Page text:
Pass the Dutchie
December 4, 2006 1:47 PM   Subscribe

How We Eat A photo gallery of families around the world, and what they eat over the course of one week. Text in French.
posted by Miko (31 comments total) 8 users marked this as a favorite
 
I just saw this in a magazine - maybe the Walrus? Yes.
posted by Dasein at 1:52 PM on December 4, 2006


Interesting photos. Wish I could see the smaller ones better.
posted by Red58 at 2:02 PM on December 4, 2006


Surely they could've found an American family that doesn't eat just brand named processed crap. But no. Is there a green leafy vegetable visible anywhere? Not even lettuce? The white Californian family has one night's worth of broccoli, the black North Carolinians have two tomatoes. I'm so glad I live in a place that values great produce markets and healthy yummy food.
posted by tula at 2:12 PM on December 4, 2006


This is of course just excerpts from the original Hungry Planet: What the World Eats (2005), which I can't recommend more highly.
posted by stbalbach at 2:18 PM on December 4, 2006


Fascinating. I"m reading "the omnivore's dilemma" by michael pollan and "the way we eat" by peter singer and jim mason right now---they go together like peanut butter, jelly and bread.
posted by DenOfSizer at 2:21 PM on December 4, 2006


Comparing Chad to the US makes me feel incredibly wasteful. The portrayal of a typical US family's diet seemed spot-on to me.
posted by muddgirl at 2:34 PM on December 4, 2006


By the time I got to page 3 I had a feeling the French writers would put the US dietary buffoonery on the last page as the coup de grace. Well, no complaint here -- we deserve every bit of it.
posted by zek at 2:37 PM on December 4, 2006


Second stbalbach. _Hungry Planet_ is fascinating. Pictures, commentary, recipes...I could barely put down my library's copy to go eat dinner.
posted by QIbHom at 2:58 PM on December 4, 2006


I am really surprised at the difference in produce consumption from the USA to everywhere else. No wonder we're so fat.
posted by mckenney at 2:59 PM on December 4, 2006


The western countries kitchens are certainly so much more, but it all looks so inedible compared to that family from Ecuador for example. They look way healthier than that white American family as well. And the British, god they just look miserable, smile for fucks sake.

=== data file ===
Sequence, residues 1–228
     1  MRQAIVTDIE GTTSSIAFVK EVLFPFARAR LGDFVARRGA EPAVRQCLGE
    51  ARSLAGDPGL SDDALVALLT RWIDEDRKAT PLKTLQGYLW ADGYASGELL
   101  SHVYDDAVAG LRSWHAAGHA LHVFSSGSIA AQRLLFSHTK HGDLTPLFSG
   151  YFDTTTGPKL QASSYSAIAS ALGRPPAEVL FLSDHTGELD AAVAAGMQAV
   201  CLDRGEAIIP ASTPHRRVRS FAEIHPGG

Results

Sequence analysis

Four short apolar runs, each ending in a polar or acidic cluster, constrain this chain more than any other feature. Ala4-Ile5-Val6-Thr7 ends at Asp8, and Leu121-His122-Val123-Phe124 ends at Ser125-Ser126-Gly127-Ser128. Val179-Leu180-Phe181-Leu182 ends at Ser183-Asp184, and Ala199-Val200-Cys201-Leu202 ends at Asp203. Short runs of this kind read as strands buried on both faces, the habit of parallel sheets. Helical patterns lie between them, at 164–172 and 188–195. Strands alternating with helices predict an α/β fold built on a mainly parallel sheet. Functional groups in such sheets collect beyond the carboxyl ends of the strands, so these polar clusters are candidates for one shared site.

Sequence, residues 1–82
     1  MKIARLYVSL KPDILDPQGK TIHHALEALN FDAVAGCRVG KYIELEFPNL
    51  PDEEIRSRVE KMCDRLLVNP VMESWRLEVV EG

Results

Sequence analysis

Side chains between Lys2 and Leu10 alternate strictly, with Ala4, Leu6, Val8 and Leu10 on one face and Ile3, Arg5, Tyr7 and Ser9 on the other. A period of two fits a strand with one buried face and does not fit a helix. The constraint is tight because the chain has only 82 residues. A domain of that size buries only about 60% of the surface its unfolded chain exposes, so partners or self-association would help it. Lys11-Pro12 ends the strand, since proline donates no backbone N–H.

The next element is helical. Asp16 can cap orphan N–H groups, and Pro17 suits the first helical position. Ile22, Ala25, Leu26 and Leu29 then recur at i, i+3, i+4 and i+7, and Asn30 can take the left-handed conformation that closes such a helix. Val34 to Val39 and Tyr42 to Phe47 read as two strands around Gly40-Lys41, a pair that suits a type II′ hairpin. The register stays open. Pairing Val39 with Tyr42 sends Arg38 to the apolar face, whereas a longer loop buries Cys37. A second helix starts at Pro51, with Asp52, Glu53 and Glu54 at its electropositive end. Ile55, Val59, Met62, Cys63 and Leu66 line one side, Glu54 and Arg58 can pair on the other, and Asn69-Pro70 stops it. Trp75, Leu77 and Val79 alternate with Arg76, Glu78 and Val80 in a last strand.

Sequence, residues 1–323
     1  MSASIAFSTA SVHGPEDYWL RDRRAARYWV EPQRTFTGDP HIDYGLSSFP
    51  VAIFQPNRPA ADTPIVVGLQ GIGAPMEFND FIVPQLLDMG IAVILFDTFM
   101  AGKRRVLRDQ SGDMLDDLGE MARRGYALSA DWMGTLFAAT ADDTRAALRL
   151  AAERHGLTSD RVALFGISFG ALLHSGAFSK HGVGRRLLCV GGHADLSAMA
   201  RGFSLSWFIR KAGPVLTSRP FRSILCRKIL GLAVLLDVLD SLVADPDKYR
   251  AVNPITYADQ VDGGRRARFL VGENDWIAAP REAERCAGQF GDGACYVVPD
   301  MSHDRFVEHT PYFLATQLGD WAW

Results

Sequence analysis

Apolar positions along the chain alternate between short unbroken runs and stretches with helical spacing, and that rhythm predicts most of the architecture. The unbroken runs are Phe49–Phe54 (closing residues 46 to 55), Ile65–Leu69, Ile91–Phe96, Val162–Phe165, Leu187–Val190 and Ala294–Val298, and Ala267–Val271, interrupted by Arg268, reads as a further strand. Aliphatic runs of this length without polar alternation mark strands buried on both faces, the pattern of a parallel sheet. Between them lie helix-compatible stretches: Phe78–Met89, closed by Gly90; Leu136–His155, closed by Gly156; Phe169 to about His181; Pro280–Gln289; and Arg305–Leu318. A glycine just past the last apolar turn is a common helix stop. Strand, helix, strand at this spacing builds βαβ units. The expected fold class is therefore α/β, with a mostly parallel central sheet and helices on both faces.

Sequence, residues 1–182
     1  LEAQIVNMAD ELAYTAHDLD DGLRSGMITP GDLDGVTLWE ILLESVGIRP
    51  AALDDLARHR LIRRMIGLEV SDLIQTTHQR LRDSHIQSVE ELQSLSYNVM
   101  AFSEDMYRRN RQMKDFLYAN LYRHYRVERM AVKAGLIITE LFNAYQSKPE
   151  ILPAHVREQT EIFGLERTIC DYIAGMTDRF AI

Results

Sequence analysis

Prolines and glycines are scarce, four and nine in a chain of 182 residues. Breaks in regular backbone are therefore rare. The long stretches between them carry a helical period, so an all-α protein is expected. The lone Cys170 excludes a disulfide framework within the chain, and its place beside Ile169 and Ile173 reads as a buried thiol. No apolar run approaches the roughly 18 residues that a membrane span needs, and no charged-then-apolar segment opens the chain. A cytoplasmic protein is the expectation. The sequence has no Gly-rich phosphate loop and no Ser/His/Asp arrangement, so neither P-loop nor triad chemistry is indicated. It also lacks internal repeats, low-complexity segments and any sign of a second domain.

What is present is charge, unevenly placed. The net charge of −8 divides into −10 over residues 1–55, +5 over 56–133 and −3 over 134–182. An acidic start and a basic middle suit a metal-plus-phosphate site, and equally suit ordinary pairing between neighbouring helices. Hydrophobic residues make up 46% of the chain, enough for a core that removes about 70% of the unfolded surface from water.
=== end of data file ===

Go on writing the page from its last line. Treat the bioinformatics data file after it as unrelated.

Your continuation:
posted by twistedonion at 3:42 PM on December 4, 2006


Nice -- would have been interesting to see more Asian countries.

twistedonion, I didn't see the British -- did I miss anything?
posted by NewBornHippy at 3:51 PM on December 4, 2006


Hungry Planet has a chart at the end comparing stats by country - one of the most interesting are the average yearly income and average yearly caloric intake. Across the globe there is a 1:1 match-up, as the average income goes up, the average caloric intake goes up, the average obesity rate goes up. The US has one of the highest average incomes, and thus one of the highest average caloric intake. But there are countries worse. Kuwait for example is much fatter on average than the US, and also wealthier on average. Fat is not an "American" problem, it is affluence problem - a disease of abundance. Seems like common sense.
posted by stbalbach at 3:58 PM on December 4, 2006


Fat is not an "American" problem, it is affluence problem - a disease of abundance.

It's more complex than that, because more affluent Americans are less fat than average Americans. And access to an abundance of healthy foods may allow people to become overweight, but the ubiquity of highly marketed highly processed food practically makes it damn hard to be slim and healthy.

NewBornHippy, it's Allemagne. Look for the sullen teenager.
posted by tula at 4:24 PM on December 4, 2006


Allemagne = Germany.

Angleterre = England.
posted by nonmerci at 4:27 PM on December 4, 2006


Pretty expected results I would think but very interesting to actually see it in print.
Aside from that, what sweet, charming portraits of those families.
posted by beccaj at 4:29 PM on December 4, 2006


I´m traveling in the rural interior of Northeast Brazil, and the majority have many questions of about America. I´m often asked "What do you eat?" And I can´t come up with an answer. Here, there is a continuity - everyday, beans and rice. The states seems to have a variety of foods; everyday something different. I imagine this contributes to the waste...
posted by iamck at 4:35 PM on December 4, 2006